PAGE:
President Thomas S. Monson Rededicates Ogden Utah Temple
Contributed By Sarah Jane Weaver, Church News associate editor
President Thomas S. Monson rededicated the renovated Ogden Utah Temple—which has served Latter-day Saints in northern Utah and parts of Wyoming for more than four decades—on Sunday, September 21.
“How grateful I am for the rededication of the beautifully renewed and refurbished Ogden Utah Temple,” he said. “As its doors open once again for the accomplishment of the purposes for which it was originally constructed and dedicated, lives will be blessed. It stands as a beacon of righteousness to all who will follow its light—the light of the gospel of Jesus Christ.”
In the temple and in meetinghouses across Utah and Wyoming, hundreds of thousands of Church members gathered to watch the rededication of the Church’s 14th temple.
In addition to President Monson—who spoke and offered the dedicatory prayer—several General Authorities, leaders, members of the new temple presidency, the temple matron and assistants to the matron, and general auxiliary presidency members participated in the three rededication sessions. President Henry B. Eyring, First Counselor in the First Presidency, conducted the sessions.
The 112,232-square-foot temple sits on 9.96 acres in the heart of downtown Ogden and will serve some 250,000 Latter-day Saints in northern Utah and parts of Wyoming.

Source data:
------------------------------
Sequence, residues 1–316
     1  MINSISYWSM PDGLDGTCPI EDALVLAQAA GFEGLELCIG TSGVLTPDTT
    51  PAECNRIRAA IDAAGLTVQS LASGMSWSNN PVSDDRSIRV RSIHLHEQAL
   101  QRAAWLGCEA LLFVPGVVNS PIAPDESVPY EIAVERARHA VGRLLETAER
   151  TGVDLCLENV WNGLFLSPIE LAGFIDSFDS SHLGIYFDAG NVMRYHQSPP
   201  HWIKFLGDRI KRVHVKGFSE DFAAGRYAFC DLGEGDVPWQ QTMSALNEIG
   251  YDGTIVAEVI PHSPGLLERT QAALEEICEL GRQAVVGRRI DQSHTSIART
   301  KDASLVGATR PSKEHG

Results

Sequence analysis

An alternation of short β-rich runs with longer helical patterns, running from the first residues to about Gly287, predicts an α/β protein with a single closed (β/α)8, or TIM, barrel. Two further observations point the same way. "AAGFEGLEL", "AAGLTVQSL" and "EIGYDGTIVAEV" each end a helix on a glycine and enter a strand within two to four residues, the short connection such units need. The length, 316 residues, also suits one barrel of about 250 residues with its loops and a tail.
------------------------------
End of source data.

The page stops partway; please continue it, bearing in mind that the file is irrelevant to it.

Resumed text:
Elder Kent F. Richards of the Seventy and Executive Director of the Church’s Temple Department said Ogden has always been a strong area for the Church.
As early as the 1820s, fur traders were trapping along the rivers that flow through what is now Ogden—the oldest continuously settled community in Utah. In 1847 the Church purchased land in the area and early Latter-day Saints settled the community.
The Transcontinental Railroad soon brought settlers of diverse faiths and cultures to Ogden.
Elder Craig G. Fisher, an Area Seventy and chairman of the Church’s rededication committee, said Ogden—where the Church now has 33 stakes—continues to be a culturally diverse area. “There is a lot of variation,” he said. “It is a lot like the world. The people are really wonderful.”
The Ogden Utah Temple was originally dedicated on January 18, 1972, by President Joseph Fielding Smith. The temple—then the Church’s 14th operating temple worldwide—was the first built in Utah since 1896, the year Utah became a state, according to LDS Church Public Affairs.
Church leaders announced plans to renovate the temple and the nearby tabernacle on February 17, 2010. The temple’s entire exterior was reshaped with new stone and art glass, and the temple entrance was moved from the west side to the east side, where it faces one of the city’s main streets. The renovated temple includes reconfigured rooms and new electrical, heating, and plumbing systems. In addition, the site now includes underground parking, new landscaping, and a major water feature.
Because the temple’s original cornerstone is still in place and its contents remain unopened, Church leaders did not hold a traditional cornerstone ceremony before the rededication, Elder Richards said.
Elder Fisher said at the time of its closure the temple was one of the busiest in the Church. “You have a lot of hardworking, temple-loving people up here,” he said. “They really missed their temple.”
An estimated 550,000 people attended the Ogden Utah Temple open house.